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Allergies Health Center

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Pollen 'Explosion' Has U.S. Sneezing

FAQ on Pollen and Allergy: Some Surprising Answers

Is the 2010 spring pollen season the worst ever for allergy sufferers? continued...

As of mid-April, Kress says, SDI calculates that about 24.7 million Americans have been affected by pollen and, to a much smaller extent, mold. Last year at this time, the number was a bit higher: about 24.8 million spring allergy sufferers.

"Pollen counts are useless. What does a count of 2,000 really mean? So we say look at the number of people affected," Kress says. "And in certain parts of the country, like the Northeast, where it seems everyone says they're dying from the pollen, the rest of the country is about the same. ... It's just that in certain areas of the country, pollen just exploded."

Why does pollen cause allergies?

Of all the things that cause allergic reactions, pollen is the most widespread. Why? Mainly because it's so hard to avoid.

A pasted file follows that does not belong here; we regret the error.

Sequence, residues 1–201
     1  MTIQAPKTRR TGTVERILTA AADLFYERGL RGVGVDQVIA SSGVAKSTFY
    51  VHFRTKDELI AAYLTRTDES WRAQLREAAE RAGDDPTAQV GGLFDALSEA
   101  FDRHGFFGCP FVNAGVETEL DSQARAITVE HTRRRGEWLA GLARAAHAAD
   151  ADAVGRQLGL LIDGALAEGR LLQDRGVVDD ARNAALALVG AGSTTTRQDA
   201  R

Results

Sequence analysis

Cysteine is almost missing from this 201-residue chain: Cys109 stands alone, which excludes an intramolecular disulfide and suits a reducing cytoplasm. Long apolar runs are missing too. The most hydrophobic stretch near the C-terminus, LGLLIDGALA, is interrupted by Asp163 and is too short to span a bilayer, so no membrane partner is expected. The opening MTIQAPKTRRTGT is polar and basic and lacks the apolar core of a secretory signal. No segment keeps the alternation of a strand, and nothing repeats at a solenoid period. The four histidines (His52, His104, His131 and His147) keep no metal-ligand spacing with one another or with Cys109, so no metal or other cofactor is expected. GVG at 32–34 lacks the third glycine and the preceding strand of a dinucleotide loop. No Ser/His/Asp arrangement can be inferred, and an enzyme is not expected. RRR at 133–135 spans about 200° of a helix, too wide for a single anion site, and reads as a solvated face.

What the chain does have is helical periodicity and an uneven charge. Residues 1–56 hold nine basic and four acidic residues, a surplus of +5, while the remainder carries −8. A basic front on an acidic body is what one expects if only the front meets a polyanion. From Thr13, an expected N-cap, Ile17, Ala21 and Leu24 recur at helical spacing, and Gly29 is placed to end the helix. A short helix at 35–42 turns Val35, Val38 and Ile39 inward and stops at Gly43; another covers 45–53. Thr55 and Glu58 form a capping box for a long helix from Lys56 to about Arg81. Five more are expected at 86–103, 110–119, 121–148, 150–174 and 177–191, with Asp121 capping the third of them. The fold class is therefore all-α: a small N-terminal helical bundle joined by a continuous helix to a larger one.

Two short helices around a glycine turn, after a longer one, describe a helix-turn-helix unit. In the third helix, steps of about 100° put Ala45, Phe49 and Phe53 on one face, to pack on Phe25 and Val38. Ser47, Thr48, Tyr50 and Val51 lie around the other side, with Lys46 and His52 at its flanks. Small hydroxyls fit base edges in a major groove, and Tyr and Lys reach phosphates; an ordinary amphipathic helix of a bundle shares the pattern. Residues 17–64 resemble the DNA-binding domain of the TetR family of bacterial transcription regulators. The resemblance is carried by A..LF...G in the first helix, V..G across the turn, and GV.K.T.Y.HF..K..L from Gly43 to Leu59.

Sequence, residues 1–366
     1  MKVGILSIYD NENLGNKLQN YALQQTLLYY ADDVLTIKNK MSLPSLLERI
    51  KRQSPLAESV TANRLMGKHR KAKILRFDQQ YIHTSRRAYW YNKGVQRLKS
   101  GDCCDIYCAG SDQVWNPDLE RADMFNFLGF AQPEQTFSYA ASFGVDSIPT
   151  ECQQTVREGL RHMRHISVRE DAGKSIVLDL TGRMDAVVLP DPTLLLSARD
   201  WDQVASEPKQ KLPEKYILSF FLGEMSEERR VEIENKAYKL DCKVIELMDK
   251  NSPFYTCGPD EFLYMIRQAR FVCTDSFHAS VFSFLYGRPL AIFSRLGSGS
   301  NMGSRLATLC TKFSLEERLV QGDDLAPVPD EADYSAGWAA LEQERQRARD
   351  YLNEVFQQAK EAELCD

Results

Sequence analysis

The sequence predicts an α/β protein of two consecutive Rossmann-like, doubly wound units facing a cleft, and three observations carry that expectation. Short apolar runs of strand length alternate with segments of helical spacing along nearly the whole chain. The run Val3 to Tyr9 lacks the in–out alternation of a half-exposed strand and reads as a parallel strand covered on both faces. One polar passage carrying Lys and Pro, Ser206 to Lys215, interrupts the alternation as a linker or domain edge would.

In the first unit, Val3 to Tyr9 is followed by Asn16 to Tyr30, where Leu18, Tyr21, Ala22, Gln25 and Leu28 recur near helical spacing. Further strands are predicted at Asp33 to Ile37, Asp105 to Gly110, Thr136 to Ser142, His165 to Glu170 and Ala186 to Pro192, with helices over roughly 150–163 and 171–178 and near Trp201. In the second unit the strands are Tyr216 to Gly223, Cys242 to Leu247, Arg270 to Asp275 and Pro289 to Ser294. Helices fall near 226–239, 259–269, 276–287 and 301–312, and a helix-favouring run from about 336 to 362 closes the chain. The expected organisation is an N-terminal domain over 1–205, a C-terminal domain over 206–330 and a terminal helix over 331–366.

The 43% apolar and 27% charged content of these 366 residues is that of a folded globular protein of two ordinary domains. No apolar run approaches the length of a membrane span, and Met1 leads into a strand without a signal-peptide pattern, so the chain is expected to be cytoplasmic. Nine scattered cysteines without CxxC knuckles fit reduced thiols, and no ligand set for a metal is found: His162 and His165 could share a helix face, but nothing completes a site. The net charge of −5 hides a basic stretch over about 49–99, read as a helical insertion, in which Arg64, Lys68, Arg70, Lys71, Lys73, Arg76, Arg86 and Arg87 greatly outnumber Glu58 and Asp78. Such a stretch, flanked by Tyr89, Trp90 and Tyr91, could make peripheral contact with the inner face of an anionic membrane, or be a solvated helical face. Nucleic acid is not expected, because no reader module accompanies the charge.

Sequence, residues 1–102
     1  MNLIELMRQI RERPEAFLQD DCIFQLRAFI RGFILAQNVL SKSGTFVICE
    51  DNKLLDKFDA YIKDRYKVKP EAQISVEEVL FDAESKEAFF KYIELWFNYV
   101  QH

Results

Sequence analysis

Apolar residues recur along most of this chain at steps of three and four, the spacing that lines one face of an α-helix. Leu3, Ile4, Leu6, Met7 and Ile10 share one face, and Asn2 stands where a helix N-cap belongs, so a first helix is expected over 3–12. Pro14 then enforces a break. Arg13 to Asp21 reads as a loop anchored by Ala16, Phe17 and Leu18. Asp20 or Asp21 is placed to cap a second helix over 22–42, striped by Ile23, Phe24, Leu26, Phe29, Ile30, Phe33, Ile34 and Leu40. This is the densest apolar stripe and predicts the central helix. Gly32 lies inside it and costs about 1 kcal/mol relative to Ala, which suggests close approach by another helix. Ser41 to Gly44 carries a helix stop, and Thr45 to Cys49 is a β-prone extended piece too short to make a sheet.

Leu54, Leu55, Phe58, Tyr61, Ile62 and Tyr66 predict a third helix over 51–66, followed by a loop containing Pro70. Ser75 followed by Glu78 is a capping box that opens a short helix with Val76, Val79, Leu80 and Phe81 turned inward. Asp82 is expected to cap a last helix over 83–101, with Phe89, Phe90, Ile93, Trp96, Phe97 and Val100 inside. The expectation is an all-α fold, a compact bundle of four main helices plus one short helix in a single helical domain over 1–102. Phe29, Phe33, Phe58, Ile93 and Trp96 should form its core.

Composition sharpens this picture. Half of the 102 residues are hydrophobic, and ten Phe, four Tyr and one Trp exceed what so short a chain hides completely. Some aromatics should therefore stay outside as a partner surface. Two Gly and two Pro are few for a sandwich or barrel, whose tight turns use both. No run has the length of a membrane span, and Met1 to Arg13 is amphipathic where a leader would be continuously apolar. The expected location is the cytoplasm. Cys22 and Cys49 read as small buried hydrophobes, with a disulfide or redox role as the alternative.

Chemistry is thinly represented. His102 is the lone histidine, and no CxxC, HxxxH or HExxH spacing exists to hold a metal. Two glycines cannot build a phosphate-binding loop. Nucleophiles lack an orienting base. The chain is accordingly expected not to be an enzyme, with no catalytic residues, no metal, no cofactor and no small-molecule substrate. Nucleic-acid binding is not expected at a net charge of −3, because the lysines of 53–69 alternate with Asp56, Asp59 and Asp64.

Few people are allergic to the heavy, waxy pollen from large flowers because it's carried by bees and other insects. But many trees and grasses use a much more primitive form of sexual reproduction: They literally cast their pollen to the winds so it will drift onto the plants' female sex organs.

Pollen from such trees and grasses is tiny, light, and dry -- perfect for floating on the wind, and, unfortunately, perfect for getting inhaled into your nose or stuck in your eye.

Once pollen sticks to your nose or eye, it releases the protein inside it. It's this protein that triggers allergic reactions.

There are two steps to this process. First, a person has to be sensitized to a particular pollen. The pollen protein is recognized by the immune system as a foreign invader and it makes a particular kind of antibody -- IgE -- to fight it off.

The second step occurs only in people already sensitized to a specific pollen protein. When the protein hits the nose or eye, a flood of IgE antibodies travel to mast cells in the nose. The IgE sits on the outside of mast cells and, when triggered by pollen protein, unleashes a flood of histamine and other factors that cause the immune responses we know as allergy.

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